The Most Revolutionary Act

Uncensored updates on world events, economics, the environment and medicine

The Most Revolutionary Act

The More COVID Shots You Get, the More Likely You’ll Get COVID. Here’s Why.

Story at a glance:

  • Scientists warn that repeated COVID-19 boosters may result in lowered immunity through a process known as “original antigenic sin” (OAS) or “immune imprinting.”
  • Original antigenic sin describes how your first exposure to a virus shapes the outcome of subsequent exposures to antigenically related strains. The end result is that you become increasingly prone to symptomatic infections.
  • Data from the Centers for Disease Control and Prevention confirm that people who got two or three COVID-19 jabs are MORE likely to get ill with COVID-19 six to eight months after the last dose than had they gotten none.
  • Health authorities are potentially worsening matters further by pushing people to simultaneously get the updated bivalent COVID-19 booster and a quadrivalent flu vaccine this fall.
  • The COVID-19 jab and the flu vaccine are the No. 1 and No. 2 most dangerous injections respectively, based on adverse event reports and payouts from the U.S. Vaccine Injury Compensation Program. Both are also capable of shedding, and both can make you more prone to infection as their protection wears off.

COVID-19 has been going on for nearly three years, and with a whole new set of untested COVID-19 boosters being rolled out, some scientists are taking a step back, cautioning that there still are unanswered questions about how the shots work.

They say more research needs to be done on what is known as “original antigenic sin,” aka “immune imprinting,” which refers to how your immune system responds to repeated introductions of the COVID-19 variants.

Understanding original antigenic sin

The following description of original antigenic sin was published in a January 2019 Journal of Immunology paper titled “Original Antigenic Sin: How First Exposure Shapes Lifelong Anti–Influenza Virus Immune Responses”:

“The term ‘original antigenic sin’ was first used in the 1960s to describe how one’s first exposure to influenza virus shapes the outcome of subsequent exposures to antigenically related strains. In the decades that have passed, OAS-like responses have been shown to play an integral role in both protection from and susceptibility to infections.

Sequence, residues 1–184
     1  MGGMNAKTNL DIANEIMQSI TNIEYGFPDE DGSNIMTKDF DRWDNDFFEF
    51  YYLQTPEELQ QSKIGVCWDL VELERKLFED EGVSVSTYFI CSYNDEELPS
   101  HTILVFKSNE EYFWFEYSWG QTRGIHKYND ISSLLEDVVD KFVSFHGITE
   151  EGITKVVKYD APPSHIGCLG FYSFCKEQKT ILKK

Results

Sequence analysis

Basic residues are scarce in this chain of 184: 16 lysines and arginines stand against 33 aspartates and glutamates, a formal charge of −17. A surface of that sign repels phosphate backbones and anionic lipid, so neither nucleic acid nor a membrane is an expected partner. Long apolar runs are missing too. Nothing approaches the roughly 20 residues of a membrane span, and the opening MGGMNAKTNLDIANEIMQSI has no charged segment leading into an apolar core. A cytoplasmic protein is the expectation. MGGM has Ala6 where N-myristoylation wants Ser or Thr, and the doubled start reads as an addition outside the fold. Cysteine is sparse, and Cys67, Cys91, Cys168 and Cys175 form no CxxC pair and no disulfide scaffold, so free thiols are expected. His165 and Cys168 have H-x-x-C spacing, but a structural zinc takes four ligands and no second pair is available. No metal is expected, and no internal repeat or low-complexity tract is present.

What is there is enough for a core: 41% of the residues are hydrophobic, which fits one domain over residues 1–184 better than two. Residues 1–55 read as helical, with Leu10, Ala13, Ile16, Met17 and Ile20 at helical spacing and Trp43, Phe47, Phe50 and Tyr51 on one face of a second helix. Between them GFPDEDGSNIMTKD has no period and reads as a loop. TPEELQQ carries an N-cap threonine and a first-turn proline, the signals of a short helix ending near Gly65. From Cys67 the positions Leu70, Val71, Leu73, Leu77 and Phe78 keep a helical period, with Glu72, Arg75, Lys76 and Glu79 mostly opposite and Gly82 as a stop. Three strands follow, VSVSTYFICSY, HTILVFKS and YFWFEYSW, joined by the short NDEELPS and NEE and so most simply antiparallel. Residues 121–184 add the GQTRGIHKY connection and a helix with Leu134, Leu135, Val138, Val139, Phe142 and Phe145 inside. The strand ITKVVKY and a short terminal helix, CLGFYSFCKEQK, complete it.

“OAS may also have an important deterministic role in the differential efficacy of influenza vaccine responses observed for various age cohorts across seasons …

“OAS describes the phenomenon whereby the development of immunity against pathogens/Ags is shaped by the first exposure to a related pathogen/Ag … subsequent infections with similar influenza virus strains preferentially boost the Ab response against the original strain …

“The critical role of primary exposure in shaping the composition of the Ab repertoire was not only observed in humans after influenza virus infections; this phenomenon was also observed in animal models and in the context of other infectious agents.

“For example, additional serum absorption experiments in ferrets infected in succession with three different influenza virus strains demonstrated that nearly all of the host Abs after the infection series were reactive against the first strain, only a fraction of serum Abs could be absorbed by the secondary virus, and fewer yet by the tertiary virus.”

Simplified example

Here’s a layman’s summary to illustrate this phenomenon as simply as possible, within the context of COVID-19:

  • Exposed to the original Wuhan SARS-CoV-2 strain, your humoral immune system is programmed to produce antibodies against that specific virus. Similarly, if you got the jab, your body will produce antibodies against the viral spike protein formulated into that shot.
  • Exposed to the Delta strain, your immune system responds first by boosting the production of the original antibodies, while antibodies specific against Delta are produced in a far lower amount as it takes time for your body to respond to the new strain.
  • Exposed to an Omicron variant, your immune system again responds by boosting the original antibodies, while antibodies against Omicron are produced in even lower amounts than those against Delta.

As a result of this process, with each exposure to a new variant, the original antibodies get “back-boosted.” So, over time, those antibodies come to predominate.

The process is (at least theoretically) the same for all vaccinations. Each booster dose back-boosts or strengthens the original antibodies, making them more and more predominant.

The problem is that they may not be effective at neutralizing newer strains (depending on the amount of mutation), thus rendering you more and more prone to symptomatic infection.